PROSTHETIC GRAFT INFECTION - LIMITATIONS OF INDIUM WHITE BLOOD-CELL SCANNING JOURNAL OF VASCULAR SURGERY Brunner, M. C., Mitchell, R. S., Baldwin, J. C., James, D. R., Olcott, C., MEHIGAN, J. T., McDougall, I. R., Miller, D. C. 1986; 3 (1): 42-48


The lack of a rapid, noninvasive, and accurate method to confirm or rule out prosthetic graft infection continues to constitute a compelling and vexing clinical problem. A host of adjunctive diagnostic techniques has been used in the past, but early promising results subsequently have usually not yielded acceptable sensitivity (reflecting false negatives) and specificity (reflecting false positive) data. White blood cell (WBC) indium 111 scanning has recently been added to this list. The utility and accuracy of 111In WBC scans were assessed by retrospective review of WBC scan results in 70 patients undergoing evaluation for possible prosthetic graft infection over a 7-year period. Operative and autopsy data (mean follow-up, 18 months for survivors with negative scans) were used to confirm the 22 positive, 45 negative, and three equivocal WBC scans. The false positive rate (+/- 70% confidence limits) was 36% +/- 6% (n = 8) among the 22 patients with positive scans (44% +/- 6% [11 of 25] if the three equivocal scans are included as false positive), yielding a specificity of 85% +/- 5% and an overall accuracy rate of 88% +/- 4% (80% +/- 5% and 84% +/- 5%, respectively, if the three equivocal cases are considered as false positive). All three patients with equivocal scans ultimately were judged not to have prosthetic graft infection. As implied by the high accuracy rate, the sensitivity of the test was absolute (100% [14 of 14]); there were no false negative results. (ABSTRACT TRUNCATED AT 250 WORDS)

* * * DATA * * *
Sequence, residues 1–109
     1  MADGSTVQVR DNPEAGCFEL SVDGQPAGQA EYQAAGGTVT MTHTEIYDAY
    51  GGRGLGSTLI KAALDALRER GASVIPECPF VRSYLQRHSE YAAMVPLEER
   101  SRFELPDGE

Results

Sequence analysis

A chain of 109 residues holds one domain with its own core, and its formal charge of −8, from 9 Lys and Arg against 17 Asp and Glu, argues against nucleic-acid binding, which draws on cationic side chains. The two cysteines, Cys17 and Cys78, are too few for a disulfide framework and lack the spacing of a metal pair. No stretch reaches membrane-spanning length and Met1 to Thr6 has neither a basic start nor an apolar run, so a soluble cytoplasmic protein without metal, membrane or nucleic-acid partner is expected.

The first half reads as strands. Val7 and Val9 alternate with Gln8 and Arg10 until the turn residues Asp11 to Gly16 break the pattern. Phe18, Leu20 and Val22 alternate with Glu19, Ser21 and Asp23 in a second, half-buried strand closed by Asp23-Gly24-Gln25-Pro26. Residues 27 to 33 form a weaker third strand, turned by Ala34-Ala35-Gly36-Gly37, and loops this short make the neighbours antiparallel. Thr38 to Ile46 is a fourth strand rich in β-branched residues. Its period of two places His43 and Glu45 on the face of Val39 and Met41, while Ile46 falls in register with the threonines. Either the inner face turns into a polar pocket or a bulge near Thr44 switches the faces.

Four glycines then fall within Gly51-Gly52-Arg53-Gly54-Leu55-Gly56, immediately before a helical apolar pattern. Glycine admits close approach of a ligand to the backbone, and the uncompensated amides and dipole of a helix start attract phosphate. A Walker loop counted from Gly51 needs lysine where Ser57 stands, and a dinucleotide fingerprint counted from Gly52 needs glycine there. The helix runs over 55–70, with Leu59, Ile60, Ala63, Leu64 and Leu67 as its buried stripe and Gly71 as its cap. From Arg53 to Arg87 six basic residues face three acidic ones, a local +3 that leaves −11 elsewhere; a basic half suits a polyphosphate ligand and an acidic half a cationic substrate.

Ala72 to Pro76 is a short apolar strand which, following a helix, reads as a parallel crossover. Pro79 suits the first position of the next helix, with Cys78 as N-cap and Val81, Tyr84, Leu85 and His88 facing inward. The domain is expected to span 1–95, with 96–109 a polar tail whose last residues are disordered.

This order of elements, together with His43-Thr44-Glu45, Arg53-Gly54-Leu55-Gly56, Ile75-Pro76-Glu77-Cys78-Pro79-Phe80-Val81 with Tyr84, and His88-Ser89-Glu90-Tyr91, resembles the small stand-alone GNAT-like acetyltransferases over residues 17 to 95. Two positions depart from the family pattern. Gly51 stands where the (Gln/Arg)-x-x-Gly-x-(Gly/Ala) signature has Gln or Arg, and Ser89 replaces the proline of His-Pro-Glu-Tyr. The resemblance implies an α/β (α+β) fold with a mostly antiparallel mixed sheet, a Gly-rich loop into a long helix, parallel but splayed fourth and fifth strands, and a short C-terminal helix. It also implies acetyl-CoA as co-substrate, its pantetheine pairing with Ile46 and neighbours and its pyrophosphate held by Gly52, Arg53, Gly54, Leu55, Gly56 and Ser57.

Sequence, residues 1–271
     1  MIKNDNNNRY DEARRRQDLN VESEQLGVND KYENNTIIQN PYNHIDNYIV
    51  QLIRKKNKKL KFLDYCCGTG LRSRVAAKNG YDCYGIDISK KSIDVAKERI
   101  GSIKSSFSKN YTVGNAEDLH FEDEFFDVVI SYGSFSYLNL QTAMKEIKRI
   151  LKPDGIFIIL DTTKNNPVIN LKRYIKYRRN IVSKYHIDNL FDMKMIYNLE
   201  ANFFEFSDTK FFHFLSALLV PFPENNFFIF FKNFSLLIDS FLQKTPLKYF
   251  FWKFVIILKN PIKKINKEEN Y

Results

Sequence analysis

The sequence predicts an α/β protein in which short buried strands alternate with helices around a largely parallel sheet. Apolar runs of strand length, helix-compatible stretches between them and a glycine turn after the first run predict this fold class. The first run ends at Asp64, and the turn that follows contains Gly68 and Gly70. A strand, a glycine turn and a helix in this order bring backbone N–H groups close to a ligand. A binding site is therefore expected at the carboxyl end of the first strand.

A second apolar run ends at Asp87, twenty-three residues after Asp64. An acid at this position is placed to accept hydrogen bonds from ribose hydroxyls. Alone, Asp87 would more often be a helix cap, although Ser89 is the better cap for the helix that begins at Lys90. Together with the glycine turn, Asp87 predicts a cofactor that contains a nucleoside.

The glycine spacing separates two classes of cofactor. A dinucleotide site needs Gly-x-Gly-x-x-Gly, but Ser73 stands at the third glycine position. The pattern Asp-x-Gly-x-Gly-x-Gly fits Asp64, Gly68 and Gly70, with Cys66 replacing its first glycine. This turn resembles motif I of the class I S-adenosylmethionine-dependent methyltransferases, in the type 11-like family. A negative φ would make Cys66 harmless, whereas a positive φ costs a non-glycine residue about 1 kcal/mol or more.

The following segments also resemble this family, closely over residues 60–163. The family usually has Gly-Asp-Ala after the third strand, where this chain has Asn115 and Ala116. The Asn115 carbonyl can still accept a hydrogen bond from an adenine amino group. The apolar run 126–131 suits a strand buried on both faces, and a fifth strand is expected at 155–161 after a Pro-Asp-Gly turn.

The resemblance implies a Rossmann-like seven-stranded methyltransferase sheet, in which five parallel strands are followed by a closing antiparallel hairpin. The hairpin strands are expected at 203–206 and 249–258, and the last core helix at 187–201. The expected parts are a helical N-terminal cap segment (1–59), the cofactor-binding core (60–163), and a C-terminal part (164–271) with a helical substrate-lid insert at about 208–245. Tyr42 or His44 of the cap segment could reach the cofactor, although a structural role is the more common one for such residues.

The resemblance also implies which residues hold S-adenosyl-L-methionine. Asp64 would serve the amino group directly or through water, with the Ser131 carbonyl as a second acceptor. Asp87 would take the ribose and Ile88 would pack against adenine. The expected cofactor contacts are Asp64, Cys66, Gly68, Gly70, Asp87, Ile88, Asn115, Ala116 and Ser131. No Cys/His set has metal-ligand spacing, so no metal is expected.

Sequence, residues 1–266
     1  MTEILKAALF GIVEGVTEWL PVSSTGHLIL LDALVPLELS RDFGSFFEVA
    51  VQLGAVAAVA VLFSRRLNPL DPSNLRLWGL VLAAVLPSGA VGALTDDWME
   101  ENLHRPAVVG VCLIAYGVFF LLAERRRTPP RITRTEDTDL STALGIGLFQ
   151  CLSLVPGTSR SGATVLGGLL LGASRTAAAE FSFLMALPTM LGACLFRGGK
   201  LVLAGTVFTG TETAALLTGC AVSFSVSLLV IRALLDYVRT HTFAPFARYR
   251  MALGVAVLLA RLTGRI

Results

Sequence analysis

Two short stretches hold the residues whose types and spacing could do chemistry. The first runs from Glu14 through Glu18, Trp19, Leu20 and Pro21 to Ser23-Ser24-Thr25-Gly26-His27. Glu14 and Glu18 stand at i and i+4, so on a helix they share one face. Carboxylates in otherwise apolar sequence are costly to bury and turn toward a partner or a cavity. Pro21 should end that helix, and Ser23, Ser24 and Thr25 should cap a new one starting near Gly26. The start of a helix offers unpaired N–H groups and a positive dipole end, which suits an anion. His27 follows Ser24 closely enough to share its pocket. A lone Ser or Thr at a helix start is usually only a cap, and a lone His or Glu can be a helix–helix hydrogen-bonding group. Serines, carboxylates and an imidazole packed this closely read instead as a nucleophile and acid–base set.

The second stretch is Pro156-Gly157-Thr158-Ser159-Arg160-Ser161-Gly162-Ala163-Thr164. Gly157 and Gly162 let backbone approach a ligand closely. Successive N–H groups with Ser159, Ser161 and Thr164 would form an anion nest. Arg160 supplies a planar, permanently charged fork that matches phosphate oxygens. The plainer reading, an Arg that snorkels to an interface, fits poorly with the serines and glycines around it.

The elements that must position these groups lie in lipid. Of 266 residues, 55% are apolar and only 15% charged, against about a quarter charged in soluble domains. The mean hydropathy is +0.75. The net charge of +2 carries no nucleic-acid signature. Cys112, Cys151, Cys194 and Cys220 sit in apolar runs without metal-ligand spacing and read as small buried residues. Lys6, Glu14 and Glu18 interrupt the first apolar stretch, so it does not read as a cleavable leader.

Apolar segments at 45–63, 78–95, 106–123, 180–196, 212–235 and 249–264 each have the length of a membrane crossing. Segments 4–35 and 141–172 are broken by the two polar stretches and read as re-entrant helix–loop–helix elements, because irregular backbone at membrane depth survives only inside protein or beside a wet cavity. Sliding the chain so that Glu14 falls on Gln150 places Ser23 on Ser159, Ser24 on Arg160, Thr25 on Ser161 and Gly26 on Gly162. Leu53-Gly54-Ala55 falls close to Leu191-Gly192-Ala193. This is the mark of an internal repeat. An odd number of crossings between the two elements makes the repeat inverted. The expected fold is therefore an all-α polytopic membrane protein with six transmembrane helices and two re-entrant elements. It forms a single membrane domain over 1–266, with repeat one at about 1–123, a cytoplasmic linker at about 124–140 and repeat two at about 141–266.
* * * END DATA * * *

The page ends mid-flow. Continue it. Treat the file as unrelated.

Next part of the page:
View details for Web of Science ID A1986AYC3400005

View details for PubMedID 3079840